STONE MOUNTAIN, Ga. — At a July 20 news conference, DeKalb County school bus driver Marion “Sergeant” Payne told reporters that a 2.5 percent wage increase recently approved by the board of education was “a good start, but if we didn’t have that sickout that never would have happened.”
More than 400 of some 900 county school bus drivers had called off sick April 19. Several hundred also did so April 22 and 23. They got sick over pay, working conditions, retirement benefits, safety and dignity on the job. They also face the lack of air conditioning on many buses, poor maintenance on brakes and the lack of a place to rest in between split shifts.
Seven school bus drivers, including Payne, were fired after board officials charged them with organizing and passing out fliers for the sickout.
These officials had long ignored the conditions drivers face, workers at the press conference said. The sickout took place at the same time that teachers, bus drivers, and other school workers organized walkouts and protests in West Virginia, Kentucky, Oklahoma, Colorado, North Carolina and elsewhere.
Supporters of the fired bus drivers protested at news conferences and a downtown rally after the firings. At the May and June school board meetings, parents, workers from a DeKalb County Walmart, members of the community group Restore DeKalb and others demanded they rehire the drivers.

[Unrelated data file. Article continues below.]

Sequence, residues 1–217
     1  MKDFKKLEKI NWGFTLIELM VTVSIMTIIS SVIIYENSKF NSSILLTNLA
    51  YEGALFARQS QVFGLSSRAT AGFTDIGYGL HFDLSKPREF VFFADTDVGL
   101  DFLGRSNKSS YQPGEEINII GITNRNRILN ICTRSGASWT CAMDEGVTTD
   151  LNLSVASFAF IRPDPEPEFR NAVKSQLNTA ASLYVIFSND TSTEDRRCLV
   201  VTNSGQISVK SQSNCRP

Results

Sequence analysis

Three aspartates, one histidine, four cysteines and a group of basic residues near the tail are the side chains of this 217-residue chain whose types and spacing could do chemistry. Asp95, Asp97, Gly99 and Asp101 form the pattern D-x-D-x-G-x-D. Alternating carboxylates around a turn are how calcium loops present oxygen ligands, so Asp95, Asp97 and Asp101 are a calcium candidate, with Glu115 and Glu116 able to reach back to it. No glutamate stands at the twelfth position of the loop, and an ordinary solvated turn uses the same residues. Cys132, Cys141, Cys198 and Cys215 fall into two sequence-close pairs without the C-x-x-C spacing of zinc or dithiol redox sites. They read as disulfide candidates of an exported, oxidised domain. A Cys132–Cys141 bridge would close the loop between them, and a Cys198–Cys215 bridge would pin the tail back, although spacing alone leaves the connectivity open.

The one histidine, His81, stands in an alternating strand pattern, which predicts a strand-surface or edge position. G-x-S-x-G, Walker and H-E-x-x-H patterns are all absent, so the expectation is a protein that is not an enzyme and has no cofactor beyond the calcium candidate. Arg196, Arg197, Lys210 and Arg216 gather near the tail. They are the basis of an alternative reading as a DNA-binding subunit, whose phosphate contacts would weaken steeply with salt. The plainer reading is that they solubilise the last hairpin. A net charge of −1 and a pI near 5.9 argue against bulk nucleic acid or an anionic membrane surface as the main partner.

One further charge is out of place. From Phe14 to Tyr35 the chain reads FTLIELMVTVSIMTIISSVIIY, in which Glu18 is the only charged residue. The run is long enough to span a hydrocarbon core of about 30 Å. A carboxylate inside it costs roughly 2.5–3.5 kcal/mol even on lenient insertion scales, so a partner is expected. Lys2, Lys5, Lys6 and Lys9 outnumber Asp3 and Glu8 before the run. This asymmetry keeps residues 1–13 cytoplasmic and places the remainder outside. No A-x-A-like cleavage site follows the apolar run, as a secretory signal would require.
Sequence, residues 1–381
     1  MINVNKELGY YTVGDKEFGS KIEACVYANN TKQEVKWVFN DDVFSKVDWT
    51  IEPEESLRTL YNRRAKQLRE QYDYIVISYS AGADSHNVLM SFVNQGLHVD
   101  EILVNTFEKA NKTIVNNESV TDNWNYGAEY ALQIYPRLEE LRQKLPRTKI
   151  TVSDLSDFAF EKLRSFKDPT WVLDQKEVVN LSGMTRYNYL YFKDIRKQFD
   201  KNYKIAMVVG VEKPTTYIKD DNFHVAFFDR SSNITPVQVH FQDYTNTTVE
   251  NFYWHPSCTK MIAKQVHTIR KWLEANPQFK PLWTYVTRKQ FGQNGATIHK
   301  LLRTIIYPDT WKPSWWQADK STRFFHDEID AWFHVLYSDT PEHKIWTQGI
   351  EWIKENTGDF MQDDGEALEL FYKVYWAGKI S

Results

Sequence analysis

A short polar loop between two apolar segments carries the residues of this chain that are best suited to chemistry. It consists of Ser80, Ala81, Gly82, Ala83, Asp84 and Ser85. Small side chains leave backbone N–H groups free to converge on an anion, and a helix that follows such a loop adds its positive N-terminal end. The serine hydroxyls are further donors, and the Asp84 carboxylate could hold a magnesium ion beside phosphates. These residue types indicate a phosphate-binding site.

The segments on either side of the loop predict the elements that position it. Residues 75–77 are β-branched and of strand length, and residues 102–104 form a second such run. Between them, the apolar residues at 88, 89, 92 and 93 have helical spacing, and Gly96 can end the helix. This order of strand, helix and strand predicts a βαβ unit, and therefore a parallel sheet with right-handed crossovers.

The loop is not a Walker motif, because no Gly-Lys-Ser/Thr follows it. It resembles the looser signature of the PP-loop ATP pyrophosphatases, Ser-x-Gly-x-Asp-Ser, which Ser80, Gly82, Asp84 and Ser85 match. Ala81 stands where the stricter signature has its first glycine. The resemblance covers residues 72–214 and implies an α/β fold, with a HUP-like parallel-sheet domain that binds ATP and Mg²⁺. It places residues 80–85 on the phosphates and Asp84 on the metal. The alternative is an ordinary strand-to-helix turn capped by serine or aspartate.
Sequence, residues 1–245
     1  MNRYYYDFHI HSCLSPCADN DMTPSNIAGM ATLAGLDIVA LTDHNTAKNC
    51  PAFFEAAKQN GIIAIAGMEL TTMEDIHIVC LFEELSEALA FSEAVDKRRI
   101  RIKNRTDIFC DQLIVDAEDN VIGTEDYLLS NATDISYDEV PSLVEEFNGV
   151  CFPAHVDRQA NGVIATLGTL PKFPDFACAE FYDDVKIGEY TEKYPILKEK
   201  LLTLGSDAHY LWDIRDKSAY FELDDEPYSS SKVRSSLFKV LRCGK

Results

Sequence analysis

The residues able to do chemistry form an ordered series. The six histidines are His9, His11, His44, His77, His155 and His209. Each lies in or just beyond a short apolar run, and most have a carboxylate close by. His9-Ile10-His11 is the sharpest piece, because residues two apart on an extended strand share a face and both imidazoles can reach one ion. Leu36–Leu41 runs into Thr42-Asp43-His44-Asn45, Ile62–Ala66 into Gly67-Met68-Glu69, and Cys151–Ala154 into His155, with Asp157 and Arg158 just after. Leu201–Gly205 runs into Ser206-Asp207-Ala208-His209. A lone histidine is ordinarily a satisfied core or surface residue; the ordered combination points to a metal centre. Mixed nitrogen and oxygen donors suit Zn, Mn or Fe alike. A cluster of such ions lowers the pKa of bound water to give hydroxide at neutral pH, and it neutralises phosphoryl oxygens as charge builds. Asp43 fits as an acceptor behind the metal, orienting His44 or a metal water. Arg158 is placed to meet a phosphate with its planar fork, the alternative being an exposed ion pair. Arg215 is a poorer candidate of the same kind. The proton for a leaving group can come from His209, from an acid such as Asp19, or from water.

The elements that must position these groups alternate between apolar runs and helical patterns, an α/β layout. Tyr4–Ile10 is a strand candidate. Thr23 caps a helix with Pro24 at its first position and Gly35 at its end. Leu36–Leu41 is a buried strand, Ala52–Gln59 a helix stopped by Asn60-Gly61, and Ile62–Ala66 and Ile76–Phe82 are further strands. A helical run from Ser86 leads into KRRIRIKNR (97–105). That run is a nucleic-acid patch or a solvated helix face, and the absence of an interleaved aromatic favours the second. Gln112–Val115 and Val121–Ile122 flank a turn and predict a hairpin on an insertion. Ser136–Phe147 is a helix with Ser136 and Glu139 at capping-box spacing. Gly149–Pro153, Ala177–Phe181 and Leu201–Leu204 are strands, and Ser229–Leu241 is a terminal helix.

“For the record, several school board members have made it clear that the fired bus drivers would be rehired and made whole,” Joel Edwards of Restore DeKalb said at the July 20 news conference, held outside the pre-opening-of-school annual meeting for school bus drivers.
Superintendent R. Stephen Green, however, had sent letters to the drivers a few days earlier saying any drivers who were rehired would have to serve a six-month probationary period.
Curtis Howard, international vice president of the Amalgamated Transit Union and a 24-year maintenance electrician at the Metropolitan Atlanta Rapid Transit Authority, also attended the press conference. He pledged his union’s support for the bus drivers’ continuing fight to win reinstatement — and for all their demands.